or the it at all way of legislation ; but if, State could do much more than it had by means of inquiry or otherwise, they done in that matter. What had been could help the people to distinguish be- done had been done mainly in the pretween good and bad institutions of that paration or sanctioning of rules on the kind they would render a most valuable part of the Government, and alsoservice to the numerous class interested though not very successfully, he adin that important question.

mitted-in giving publicity to the acMR. BRUCE, having long known the counts of those societies. The hon. earnest and practical interest taken by Member for Cardiganshire suggested the hon. Member for Cardiganshire that an actuary for these institutions (Mr. Richards) in all that concerned the should be appointed—[Mr. RICHARDS : well-being of the working classes, was Sanctioned.] --well, sanctioned by the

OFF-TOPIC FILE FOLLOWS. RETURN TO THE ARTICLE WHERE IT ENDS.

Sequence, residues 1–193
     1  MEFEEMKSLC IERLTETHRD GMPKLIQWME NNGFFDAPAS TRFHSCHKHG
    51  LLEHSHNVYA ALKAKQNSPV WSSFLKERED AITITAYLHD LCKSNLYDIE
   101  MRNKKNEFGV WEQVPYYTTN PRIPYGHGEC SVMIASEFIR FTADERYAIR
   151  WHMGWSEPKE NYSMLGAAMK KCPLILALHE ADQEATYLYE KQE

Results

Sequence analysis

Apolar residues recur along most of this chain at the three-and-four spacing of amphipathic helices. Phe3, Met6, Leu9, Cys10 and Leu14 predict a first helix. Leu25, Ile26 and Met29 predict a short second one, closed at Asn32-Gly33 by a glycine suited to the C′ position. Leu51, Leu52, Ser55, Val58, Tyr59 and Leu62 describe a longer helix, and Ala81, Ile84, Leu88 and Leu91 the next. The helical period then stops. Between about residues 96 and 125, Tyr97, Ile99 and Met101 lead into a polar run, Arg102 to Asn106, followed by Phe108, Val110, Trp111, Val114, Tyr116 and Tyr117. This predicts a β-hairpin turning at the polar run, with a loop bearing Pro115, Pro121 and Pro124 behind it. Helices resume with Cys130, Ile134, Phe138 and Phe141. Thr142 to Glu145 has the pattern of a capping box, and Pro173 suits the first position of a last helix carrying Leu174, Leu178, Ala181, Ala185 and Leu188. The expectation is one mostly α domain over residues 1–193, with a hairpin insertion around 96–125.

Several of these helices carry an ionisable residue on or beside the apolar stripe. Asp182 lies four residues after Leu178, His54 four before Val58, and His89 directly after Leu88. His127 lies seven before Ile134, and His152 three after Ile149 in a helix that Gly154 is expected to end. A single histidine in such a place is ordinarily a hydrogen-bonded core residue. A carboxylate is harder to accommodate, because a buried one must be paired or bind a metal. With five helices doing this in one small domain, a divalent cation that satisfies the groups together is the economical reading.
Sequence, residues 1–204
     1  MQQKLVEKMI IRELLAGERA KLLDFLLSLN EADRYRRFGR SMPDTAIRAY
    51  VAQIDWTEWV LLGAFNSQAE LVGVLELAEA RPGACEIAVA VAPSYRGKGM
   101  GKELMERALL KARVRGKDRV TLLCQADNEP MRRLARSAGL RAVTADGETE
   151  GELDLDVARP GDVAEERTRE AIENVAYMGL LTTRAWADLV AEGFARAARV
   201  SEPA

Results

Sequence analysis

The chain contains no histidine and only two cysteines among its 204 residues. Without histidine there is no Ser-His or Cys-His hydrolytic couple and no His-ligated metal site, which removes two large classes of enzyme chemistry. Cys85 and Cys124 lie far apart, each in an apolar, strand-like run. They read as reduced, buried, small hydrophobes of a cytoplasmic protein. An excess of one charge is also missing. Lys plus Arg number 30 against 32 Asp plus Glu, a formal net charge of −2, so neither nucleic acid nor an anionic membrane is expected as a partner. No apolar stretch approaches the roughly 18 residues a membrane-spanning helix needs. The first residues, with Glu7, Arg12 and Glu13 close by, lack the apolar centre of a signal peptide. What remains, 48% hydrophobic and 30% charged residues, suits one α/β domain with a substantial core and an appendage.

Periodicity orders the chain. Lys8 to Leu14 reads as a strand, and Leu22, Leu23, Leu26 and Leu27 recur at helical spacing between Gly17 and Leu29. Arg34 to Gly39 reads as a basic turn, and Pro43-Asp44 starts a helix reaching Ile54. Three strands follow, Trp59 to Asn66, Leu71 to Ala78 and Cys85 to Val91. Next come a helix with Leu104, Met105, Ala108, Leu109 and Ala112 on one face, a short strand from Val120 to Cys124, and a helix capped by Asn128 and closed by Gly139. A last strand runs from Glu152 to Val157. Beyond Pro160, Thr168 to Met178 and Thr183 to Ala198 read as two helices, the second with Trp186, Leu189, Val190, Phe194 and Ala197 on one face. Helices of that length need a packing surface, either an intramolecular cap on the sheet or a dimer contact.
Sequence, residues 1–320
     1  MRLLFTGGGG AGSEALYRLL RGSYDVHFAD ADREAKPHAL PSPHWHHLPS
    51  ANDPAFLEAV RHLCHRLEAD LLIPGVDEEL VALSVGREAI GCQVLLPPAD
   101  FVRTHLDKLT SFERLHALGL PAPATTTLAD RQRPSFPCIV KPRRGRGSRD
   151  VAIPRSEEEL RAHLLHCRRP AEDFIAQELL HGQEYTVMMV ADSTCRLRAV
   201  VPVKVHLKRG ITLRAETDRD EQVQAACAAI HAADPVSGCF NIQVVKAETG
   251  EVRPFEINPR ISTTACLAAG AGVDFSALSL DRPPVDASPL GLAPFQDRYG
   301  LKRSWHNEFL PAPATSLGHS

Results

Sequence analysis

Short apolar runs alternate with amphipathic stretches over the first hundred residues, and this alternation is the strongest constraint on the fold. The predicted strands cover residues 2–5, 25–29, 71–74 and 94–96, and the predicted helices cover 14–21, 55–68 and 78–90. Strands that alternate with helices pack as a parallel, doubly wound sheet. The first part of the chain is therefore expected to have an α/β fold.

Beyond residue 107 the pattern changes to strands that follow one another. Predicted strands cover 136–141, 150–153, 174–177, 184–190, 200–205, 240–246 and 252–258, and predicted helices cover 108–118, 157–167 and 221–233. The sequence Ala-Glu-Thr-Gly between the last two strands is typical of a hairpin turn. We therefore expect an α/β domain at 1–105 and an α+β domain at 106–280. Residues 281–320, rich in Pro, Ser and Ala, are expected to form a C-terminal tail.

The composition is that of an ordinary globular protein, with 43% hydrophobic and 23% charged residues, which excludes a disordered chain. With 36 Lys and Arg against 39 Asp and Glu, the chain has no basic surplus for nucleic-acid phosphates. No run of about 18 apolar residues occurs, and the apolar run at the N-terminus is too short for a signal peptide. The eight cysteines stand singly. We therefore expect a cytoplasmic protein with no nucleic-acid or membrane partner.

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Government, whose duty it should be to many of whom took a growing interest investigate their tables, to examine their in the debates of that House, and that accounts, and see from time to time whe- they would be led, with time and inther they stood on a firm basis. But creasing knowledge, more and more to what the hon. Gentleman recommended adopt securer methods of providing the Government to do on behalf of the against old age and evil days. Friendly Societies it appeared to him they could do without much trouble on their own behalf. The case of the INCUMBERED ESTATES COURT (IREBurial Societies was a very different one,

LAND)-EARL OF LANESBOROUGH'S and the hon. Gentleman had been more

ESTATE.-QUESTION. successful in establishing the existence CAPTAIN ARCHDALL said, he rose to of a great evil—which, indeed, had been ask Mr. Attorney General for Ireland, If fully and repeatedly explained in Mr. his attention has been called to a recent Tidd Pratt's Annual Reports—than in decision of the Irish Court of Chancery suggesting a suitable remedy. It was